My sweet angels! I hope you’ve been well. This beautiful beginning of Fall has me feeling motivated & ready to share more of my life with you, including my paint journey thus far! I hear so many artists retell their histories on podcasts, and it’s inspired me to tell mine! The story isn’t incredibly long (yet), but it’s definitely one worth telling. It’s so important to share both the ups AND downs of your career- not only does it show you’re human, but it also gives artists in earlier stages of their careers permission to fail.
See that? Permission to fail. These three words are SO important. Please- if you take anything from this blog post, give yourself permission to fail. Permission to fail = growth, sustainability in your practice, a clear headspace to start again, and (most importantly) it helps to remove that fear of failure. Falling on your face is not a bad thing, so long as you get back up.
So, let’s get into this herstory1
Make up ya’ damn mind
I was so, so lucky to grow up in a family of creative people. My dad can draw the most wonderful (and hilarious) cartoons, my mom is a drafting engineer with an eye for precision and detail, and my aunt, a graphic designer and Jane of MANY artistic trades went to the Art Institute of Pittsburgh when it was cool (and still existed). Almost all of my cousins loved to create (one is now a professional blogger, and another is a professional painter), and my little sister is also a talented watercolorist and ceramicist (when she wants to be). I’m blessed, to say the VERY least. I didn’t even MENTION all of the creativity that flows through my blood- I just cut it down for length! (In short, I have an uncle that painted Bob Ross-style landscapes when he was younger, multiple uncles that work in metal after their father (YEAH GRANDPA!), a grandmother that choreographed dances for Reba McIntyre and MANY other country artists, another painter aunt.. It goes on and doesn’t stop. It’s truly ridiculous.) Being an artist isn’t just in my blood- it IS my blood, soul, and heart.
When I was in high school, I thrived on being known as “the artistic one”. I loved spending hours on projects, and the ego boost that came along with finishing projects well. Like many teenagers, I was also a bit of a shit- my ego made it difficult for me to appreciate work made by anyone else around me. I was jealous of the other students in my art class, and hated when they received praise. Man. Ouch. That was rough to type- but guess what? I’m leaving it there, because it was true at that time. I was the worst person to have an art class with, even if I said nice things about the artwork around me. I meant it, sure, but I always had this underlying feeling that I was somehow better than them, when I most definitely wasn’t. I mean, I was actually competitive with receiving “Most Artistic” in my senior yearbook. Who does that?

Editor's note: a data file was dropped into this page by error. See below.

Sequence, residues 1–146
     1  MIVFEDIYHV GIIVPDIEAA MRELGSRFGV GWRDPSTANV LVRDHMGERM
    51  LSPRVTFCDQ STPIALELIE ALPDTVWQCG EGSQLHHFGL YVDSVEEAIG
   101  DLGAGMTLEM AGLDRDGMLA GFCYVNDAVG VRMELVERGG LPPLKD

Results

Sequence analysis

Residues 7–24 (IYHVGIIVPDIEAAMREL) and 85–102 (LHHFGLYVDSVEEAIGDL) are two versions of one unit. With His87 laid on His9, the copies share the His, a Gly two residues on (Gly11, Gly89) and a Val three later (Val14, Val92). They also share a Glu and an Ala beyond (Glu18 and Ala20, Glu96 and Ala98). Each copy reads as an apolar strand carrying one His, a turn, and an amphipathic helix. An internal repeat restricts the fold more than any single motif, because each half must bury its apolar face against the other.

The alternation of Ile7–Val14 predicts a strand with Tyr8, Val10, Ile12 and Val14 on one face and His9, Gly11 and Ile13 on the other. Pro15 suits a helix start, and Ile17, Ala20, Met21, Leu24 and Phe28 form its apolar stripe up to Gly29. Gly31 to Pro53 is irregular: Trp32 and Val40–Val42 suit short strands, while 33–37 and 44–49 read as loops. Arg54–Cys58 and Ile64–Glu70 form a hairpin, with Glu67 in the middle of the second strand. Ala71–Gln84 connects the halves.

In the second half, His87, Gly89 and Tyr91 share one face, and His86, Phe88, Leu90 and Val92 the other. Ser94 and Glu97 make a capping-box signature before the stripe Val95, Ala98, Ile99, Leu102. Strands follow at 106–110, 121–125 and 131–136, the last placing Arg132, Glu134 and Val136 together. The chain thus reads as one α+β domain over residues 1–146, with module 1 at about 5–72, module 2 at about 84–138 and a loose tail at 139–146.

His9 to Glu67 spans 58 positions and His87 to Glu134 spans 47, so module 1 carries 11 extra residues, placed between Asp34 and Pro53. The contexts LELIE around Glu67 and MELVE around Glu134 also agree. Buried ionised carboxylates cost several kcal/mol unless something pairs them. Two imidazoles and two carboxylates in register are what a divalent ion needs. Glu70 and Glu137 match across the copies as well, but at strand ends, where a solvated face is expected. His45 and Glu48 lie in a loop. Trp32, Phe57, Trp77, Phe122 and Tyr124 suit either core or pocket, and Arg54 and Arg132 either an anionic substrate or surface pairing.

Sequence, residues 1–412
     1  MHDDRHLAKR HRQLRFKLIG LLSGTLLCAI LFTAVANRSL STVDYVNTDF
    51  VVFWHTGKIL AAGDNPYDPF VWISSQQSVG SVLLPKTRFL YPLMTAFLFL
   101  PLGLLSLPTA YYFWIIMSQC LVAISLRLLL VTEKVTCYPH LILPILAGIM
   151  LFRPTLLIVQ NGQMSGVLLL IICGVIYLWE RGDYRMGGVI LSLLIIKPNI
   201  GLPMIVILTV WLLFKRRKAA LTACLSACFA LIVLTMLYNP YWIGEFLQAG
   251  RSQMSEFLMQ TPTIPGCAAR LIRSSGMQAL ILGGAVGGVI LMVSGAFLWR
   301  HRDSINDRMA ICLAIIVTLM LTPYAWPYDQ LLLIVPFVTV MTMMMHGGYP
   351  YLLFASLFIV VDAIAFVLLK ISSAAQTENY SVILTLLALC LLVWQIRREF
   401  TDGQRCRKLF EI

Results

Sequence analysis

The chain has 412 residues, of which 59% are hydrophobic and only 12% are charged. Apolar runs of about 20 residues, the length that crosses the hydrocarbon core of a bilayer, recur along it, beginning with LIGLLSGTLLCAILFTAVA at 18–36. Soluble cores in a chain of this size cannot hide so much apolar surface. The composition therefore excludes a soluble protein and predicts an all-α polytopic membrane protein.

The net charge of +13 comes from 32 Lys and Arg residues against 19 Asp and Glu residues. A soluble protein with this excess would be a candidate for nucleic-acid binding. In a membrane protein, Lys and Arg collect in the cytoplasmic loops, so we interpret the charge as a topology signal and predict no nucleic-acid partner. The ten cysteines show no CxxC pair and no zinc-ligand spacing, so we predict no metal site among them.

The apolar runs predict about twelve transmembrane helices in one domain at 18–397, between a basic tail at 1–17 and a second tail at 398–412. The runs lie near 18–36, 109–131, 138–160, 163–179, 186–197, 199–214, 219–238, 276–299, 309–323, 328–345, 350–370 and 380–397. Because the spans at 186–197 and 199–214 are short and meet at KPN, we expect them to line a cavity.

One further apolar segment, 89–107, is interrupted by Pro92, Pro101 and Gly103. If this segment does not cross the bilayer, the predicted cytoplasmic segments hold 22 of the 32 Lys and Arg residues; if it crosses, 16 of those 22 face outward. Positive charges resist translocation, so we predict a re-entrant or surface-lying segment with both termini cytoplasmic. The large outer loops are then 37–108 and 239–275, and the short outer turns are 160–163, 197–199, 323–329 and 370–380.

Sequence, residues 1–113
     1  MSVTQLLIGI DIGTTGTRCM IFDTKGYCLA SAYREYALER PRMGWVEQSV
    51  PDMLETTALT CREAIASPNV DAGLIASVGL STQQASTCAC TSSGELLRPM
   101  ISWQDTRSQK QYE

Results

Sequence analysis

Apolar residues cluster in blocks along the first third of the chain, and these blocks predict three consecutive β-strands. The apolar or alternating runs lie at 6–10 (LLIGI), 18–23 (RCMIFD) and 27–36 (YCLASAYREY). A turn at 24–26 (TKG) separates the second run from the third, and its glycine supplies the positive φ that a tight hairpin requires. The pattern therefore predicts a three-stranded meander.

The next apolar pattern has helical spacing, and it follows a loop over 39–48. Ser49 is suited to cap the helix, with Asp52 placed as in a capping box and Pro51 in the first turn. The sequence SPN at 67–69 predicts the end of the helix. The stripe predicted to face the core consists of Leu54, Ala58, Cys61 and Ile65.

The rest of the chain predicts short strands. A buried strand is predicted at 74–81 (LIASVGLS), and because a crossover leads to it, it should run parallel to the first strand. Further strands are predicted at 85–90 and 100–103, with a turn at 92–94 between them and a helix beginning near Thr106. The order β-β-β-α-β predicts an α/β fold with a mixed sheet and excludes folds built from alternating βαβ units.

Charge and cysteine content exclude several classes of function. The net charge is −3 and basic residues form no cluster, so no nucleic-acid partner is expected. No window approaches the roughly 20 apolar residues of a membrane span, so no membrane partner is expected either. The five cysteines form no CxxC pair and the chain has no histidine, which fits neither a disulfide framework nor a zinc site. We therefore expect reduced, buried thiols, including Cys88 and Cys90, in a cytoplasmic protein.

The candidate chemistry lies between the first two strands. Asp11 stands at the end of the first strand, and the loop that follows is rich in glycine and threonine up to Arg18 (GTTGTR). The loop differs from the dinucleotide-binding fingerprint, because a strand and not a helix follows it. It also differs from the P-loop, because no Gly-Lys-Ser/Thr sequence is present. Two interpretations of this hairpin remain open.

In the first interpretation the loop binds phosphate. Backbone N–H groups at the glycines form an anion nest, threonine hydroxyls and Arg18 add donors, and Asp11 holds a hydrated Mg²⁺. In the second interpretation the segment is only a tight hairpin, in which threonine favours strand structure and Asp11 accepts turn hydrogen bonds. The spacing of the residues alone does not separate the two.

Oh wait, I did.
My high school experience ended on a much stranger note than what the above paragraph would lead you to believe- I purposely chose to go to school for English, Though I loved art, my higher self was clearly teaching me a lesson by dragging me away from art for a semester.
During my first semester at Penn State, I took a drawing class with a wonderful woman named Mary Vollero- she saw my talent immediately and convinced me that I was on the wrong path, even going so far as to physically create my online portfolio to get me into the PSU art department, and helping me fill out the forms to change my major. I’m unsure if she remembers me ( this was 2007 and I’m sure she’s taught hundreds of students since then), but I give her all the credit in the world for putting me back on the path I was meant to be on, and am forever grateful for her. Once I was accepted into the Art Department, I transferred to PSU’s main campus and started my sophomore year with a renewed sense of excitement and confidence. I still had a bit of that “I’m the best artist ever” attitude, but that faded when I met an AMAZING group of friends that showed me many ways of seeing art and thinking about how people make things in different styles. Finally, I was thriving!